Personally I use a separate text editor and typesetter when I write, but if you're not looking to abandon the 'word processor' completely, it's out there.

Lyx, which is designed for structured "what you see is what you mean" (as opposed to word-processor-style WYSIWYG) writing, also looks intriguing.

At any rate, there's no shortage of options for slinging text on a Mac. If you're changing platforms anyway, you might as well consider whether you want to ditch MS Word, too.
posted by Kadin2048 at 12:23 PM on October 6, 2007

Note that the new Intel-compiled version of MS Office comes out in early 08.
posted by raf at 12:43 PM on October 6, 2007

Seconding the Ubuntu recommendation. I've got a Mac, a laptop running Ubuntu 7.10 and a PC running XP. I would choose the laptop if the house were burning down...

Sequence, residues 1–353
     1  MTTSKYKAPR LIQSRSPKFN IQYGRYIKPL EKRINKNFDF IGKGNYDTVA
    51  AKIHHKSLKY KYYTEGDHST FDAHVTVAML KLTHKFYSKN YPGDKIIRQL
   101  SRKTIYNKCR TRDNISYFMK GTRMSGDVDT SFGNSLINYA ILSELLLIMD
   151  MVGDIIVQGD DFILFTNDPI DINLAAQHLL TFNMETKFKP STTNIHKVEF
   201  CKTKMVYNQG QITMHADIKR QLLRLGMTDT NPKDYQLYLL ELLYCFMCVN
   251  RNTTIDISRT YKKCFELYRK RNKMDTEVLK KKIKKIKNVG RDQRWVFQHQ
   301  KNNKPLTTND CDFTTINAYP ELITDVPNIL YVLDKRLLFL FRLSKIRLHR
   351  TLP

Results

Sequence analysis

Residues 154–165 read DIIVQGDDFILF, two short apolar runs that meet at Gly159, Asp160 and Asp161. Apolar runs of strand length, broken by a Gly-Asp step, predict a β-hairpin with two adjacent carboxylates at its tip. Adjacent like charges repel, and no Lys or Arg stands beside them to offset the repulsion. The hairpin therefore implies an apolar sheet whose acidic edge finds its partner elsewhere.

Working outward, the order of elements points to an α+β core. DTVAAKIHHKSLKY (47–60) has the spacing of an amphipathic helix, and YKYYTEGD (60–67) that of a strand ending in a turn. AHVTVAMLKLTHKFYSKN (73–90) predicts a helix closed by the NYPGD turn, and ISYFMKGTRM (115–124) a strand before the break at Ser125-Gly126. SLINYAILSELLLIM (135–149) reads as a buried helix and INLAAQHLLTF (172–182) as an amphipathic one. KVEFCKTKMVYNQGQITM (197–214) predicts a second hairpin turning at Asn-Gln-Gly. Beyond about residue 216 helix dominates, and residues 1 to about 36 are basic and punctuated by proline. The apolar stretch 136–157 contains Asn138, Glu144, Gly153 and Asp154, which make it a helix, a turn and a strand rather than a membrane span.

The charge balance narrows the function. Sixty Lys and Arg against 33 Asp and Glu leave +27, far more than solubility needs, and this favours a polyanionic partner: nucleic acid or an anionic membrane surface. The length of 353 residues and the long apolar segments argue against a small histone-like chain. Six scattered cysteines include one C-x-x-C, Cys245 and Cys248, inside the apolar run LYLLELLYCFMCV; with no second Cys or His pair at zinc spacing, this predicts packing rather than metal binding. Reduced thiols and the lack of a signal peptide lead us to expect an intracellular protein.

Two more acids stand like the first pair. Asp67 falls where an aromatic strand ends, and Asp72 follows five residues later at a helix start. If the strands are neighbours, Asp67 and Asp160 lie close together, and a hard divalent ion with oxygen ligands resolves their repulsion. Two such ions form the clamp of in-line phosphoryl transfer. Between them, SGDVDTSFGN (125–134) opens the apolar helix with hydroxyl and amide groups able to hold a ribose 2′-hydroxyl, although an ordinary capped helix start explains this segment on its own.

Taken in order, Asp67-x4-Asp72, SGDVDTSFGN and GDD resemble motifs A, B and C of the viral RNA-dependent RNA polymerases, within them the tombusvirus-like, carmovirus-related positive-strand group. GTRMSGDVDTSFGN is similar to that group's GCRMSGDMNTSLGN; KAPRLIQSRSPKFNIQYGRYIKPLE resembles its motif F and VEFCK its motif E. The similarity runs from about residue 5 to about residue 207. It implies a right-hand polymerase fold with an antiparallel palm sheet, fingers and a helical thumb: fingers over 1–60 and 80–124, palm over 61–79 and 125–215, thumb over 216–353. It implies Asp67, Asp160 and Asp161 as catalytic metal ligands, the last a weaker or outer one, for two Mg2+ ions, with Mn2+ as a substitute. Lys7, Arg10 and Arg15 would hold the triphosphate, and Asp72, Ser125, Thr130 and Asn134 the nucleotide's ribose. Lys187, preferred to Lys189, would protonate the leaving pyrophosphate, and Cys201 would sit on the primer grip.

Seriously, though, download the live cd and boot it up. You'll have a working version (albeit a little slower than it would be on your hard drive) in a few seconds to try out.

I've got everything I need -, Abiword, Firefox, etc at my fingertips! Email me if you need some assistance. I'll be glad to help! My username here at
posted by cdmwebs at 1:56 PM on October 6, 2007

I'm a tech "professional", I guess; I'm pretty familiar with what goes on under the hood of an OS, and I've had to deal with pretty much every major OS out there in one way or another.

I now use a MacBook Pro. OS X is not going to infantilise you. There's more access to the internals, more clearly, and more effectively than in any Windows OS, it's just way easier to mess with those internals in an intuitive way without causing things to go hideously wrong.

It's nice. It's easy. It's slick. Things still do occasionally go wrong, of course, but they seem to be much less cataclysmic than on Windows. The thing I have the most trouble with is remembering to plug the damn thing in when the battery's low.